“In the last five years I’ve noticed a huge decline. I’ve been monitoring the fish, the salmon, the eels, and also I’ve been logging the water crow foot, which is an aquatic plant which lives in blankets over the Wye. And we’ve lost 95% of that over the last two years through pollution,” she said.

The Wye is a well-known beauty spot. Credit: ITV News Central.

“I’ve brought attention to it, I’ve been videoing it, monitoring it, I’ve done magazine articles, newspaper articles, I’ve even painted myself green because of the amount of green algae from the phosphates which are washed off into the Wye.

“Last year, I spent a lot of time below the surface, monitoring and looking at salmon pools. I couldn’t even see below the surface because it was that poor, it was that green with algae.

“They need to address this, because there’s going to be a time when there’s no turning back. And I think we’ve reached that time now.”

Rob echoed her call to action.

“No one wants dirty rivers. No one wants to see this on their own doorstep, especially with the number of river users we get,” he said. 

“The county gets five million visitors a year, and the river’s the life blood of the county and it’s why they come here. And that number will certainly go down if the river stays green and unhealthy.

“It’s astounding really. It’s enshrined in law. There are agencies out there supposed to be monitoring it, and then enforcing it. And it isn’t happening.”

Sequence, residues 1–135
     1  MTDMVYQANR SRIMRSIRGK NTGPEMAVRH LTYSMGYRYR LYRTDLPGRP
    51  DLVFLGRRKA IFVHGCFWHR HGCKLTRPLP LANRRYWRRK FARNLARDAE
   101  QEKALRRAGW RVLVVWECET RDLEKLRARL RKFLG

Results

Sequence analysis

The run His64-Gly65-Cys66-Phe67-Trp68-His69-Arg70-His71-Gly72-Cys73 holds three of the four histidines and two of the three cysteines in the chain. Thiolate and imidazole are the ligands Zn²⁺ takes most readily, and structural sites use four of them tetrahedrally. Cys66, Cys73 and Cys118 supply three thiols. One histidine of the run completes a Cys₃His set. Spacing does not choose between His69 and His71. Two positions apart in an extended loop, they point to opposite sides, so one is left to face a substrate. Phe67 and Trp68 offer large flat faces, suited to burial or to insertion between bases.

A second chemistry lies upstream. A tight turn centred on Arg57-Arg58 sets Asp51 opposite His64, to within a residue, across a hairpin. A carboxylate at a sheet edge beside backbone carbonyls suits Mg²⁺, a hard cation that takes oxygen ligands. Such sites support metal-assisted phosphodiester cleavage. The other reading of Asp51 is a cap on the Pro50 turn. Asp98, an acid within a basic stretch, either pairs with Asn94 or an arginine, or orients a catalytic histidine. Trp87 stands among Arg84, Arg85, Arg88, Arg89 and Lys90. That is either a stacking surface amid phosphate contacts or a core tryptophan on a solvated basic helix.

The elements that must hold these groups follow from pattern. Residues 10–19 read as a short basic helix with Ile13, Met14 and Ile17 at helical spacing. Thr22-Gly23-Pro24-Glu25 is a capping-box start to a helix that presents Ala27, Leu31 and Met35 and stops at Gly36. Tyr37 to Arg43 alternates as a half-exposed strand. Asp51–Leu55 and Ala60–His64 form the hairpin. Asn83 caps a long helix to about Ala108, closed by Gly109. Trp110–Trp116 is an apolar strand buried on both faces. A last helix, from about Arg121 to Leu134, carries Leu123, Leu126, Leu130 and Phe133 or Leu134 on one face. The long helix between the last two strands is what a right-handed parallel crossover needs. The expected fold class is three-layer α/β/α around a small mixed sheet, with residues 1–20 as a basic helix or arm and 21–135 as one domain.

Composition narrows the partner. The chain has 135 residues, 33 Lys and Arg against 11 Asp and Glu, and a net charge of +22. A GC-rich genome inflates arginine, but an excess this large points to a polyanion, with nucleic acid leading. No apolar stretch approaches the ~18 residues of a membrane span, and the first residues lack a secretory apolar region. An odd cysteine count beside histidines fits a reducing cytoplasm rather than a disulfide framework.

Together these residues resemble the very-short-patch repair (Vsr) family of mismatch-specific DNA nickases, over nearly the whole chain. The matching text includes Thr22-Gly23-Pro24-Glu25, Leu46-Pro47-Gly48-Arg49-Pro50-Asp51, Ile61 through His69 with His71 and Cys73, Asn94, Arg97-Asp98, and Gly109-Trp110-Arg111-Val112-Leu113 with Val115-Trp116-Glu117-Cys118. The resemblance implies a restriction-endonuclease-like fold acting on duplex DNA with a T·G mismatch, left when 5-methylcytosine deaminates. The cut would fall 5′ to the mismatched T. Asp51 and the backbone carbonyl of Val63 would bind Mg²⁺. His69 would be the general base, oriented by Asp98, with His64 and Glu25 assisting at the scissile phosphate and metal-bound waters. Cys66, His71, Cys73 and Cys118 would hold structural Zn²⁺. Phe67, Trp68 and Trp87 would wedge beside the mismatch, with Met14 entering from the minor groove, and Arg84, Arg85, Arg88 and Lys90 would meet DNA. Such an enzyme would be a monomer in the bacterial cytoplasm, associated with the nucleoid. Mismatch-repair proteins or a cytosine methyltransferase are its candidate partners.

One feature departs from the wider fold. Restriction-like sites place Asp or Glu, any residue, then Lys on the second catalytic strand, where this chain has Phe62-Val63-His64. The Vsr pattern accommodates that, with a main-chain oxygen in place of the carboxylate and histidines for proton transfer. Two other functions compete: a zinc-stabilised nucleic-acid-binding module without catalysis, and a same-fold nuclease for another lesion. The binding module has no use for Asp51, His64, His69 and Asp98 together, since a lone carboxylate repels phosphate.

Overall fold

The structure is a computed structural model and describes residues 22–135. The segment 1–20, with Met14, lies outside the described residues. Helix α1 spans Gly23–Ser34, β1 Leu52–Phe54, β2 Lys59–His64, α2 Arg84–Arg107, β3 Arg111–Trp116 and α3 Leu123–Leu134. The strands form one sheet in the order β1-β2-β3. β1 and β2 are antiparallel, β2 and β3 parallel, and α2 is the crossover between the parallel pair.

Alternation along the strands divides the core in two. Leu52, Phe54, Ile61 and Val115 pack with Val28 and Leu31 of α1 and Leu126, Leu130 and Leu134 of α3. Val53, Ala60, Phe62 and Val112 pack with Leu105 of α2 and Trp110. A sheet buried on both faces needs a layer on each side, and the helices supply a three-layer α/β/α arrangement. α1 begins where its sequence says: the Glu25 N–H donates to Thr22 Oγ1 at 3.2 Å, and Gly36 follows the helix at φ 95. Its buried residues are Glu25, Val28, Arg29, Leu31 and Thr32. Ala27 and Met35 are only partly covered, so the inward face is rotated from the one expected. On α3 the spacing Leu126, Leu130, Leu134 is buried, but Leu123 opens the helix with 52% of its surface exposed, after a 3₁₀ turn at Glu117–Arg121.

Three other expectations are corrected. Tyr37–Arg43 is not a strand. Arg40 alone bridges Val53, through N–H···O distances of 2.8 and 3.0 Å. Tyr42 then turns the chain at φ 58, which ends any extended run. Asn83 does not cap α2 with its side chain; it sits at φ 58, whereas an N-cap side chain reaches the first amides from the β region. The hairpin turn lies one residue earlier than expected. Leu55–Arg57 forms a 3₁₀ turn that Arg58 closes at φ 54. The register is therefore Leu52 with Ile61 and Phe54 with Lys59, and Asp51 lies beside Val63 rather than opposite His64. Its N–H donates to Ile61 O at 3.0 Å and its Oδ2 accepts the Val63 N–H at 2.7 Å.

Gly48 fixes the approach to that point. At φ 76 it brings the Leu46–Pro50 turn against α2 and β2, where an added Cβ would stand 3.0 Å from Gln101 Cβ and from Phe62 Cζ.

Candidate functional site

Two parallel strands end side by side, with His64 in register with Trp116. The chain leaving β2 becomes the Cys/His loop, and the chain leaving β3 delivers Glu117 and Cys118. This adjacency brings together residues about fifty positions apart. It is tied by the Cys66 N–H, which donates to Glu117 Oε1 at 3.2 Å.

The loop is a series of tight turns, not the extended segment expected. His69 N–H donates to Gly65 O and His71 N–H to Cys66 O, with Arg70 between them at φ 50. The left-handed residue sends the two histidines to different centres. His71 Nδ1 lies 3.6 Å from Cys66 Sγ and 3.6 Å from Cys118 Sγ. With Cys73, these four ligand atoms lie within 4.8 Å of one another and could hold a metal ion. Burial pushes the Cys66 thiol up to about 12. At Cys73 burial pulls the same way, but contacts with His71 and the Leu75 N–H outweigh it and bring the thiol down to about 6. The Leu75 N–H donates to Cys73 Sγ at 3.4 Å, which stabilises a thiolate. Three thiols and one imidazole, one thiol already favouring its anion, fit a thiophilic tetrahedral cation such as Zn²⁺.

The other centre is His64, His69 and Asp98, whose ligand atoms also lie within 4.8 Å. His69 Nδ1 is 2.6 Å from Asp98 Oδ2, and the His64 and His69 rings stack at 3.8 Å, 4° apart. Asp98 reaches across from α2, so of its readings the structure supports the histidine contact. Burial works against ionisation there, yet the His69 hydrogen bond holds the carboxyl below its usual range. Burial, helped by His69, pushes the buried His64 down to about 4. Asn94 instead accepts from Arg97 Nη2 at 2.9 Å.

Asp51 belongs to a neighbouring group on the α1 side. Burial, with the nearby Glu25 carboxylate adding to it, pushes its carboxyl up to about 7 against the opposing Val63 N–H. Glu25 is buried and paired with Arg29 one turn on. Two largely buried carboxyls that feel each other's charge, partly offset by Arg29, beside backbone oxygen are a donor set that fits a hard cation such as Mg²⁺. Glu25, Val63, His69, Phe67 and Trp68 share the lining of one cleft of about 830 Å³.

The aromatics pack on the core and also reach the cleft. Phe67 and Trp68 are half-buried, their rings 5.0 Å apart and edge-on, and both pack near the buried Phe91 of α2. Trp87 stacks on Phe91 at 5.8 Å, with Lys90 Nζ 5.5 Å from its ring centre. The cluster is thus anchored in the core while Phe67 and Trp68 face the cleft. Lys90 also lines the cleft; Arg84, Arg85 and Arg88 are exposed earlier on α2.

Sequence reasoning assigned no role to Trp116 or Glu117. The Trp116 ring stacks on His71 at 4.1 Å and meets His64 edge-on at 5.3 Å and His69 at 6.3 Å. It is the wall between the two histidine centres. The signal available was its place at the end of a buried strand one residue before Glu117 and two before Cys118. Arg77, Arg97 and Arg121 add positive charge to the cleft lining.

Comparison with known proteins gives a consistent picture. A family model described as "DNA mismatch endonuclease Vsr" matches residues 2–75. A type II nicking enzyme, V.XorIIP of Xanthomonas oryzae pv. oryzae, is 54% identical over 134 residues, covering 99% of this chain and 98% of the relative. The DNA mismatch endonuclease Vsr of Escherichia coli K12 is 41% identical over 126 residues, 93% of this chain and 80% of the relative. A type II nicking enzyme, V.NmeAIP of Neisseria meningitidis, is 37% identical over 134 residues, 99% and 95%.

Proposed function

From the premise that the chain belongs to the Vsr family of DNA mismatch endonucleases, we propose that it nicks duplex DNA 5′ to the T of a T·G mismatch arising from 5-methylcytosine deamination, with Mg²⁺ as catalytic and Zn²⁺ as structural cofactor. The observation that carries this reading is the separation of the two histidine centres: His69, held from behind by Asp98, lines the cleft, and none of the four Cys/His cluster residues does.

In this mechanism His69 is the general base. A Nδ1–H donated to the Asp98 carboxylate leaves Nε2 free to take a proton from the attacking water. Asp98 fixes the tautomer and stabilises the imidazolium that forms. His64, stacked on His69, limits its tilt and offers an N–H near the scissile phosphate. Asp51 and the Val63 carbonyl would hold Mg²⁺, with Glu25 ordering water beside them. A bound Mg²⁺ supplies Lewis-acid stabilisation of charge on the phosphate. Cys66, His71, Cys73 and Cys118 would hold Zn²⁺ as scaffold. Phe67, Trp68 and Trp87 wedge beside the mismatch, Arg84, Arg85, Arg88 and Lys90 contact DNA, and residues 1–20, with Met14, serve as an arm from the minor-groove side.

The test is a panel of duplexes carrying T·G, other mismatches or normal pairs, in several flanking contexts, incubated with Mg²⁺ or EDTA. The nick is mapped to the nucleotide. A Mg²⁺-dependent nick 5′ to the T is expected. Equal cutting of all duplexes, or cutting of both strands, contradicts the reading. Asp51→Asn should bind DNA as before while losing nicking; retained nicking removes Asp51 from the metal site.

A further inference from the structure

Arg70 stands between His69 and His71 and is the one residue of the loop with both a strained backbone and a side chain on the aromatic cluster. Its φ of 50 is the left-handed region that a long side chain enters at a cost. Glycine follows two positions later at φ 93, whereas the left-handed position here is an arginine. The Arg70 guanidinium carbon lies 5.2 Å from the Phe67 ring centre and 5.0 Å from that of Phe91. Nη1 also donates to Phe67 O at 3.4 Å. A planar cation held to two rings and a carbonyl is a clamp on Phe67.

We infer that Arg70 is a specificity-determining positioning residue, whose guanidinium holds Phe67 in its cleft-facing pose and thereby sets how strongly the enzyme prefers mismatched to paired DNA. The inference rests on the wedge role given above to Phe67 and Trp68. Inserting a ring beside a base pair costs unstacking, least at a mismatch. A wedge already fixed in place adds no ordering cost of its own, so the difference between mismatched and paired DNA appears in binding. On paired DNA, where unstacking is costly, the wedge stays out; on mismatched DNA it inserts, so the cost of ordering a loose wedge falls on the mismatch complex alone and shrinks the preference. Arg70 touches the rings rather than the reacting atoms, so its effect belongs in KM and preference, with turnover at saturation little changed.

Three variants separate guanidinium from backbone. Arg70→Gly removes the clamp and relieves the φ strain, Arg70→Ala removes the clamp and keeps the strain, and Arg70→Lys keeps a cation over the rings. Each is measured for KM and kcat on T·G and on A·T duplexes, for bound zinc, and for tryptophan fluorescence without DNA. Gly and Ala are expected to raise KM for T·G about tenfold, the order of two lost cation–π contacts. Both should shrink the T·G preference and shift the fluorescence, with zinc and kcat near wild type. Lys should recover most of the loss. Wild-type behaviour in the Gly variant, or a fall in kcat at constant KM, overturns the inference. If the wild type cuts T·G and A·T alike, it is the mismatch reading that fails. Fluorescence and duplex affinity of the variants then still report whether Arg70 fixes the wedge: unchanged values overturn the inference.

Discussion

And as ever when it comes to the environment, everything is connected. This is about more than just a few miles of river in Herefordshire - it’s threatening what experts warn is building up to a “global crisis”.

The Wye is popular for watersports, including rowing. Credit: ITV News Central

Phosphates which enter the water here will inevitably get carried downstream.

The Wye enters the Severn Esturary near Chepstow, on the Gloucestershire-South Wales border - a designated Site of Special Scientific Interest.

Any pollution in the Wye threatens the delicate ecosystem there, as well as the ocean at large.

Dr Peter Richardson, from Herefordshire-based charity the Marine Conservation Society, said: “We know that phosphates can have a really serious impact on marine wildlife and can contribute to ocean acidification so this is not just a local problem, this is a national, international problem, contributing to a global crisis.” 

The Environment Agency told ITV News Central that it was aware of the problems along the Wye, but said currently they are focused on the exceptions in a different part of the county - a tributary to the River Lugg.

A spokesman said they were working with a number of parties, including Natural England and authorities in Wales, to address concerns - and warned that any breach of regulations found would be investigated, with enforcement action possible.

He added: "In Herefordshire, the issue is causing damage to a number of the county’s sensitive watercourses.

“We are targeting regulatory activity towards high risk areas and have reminded farmers that they are legally obliged to test soils and to prevent significant run-off.

“Any breach of the regulations may result in an investigation and enforcement action being considered.”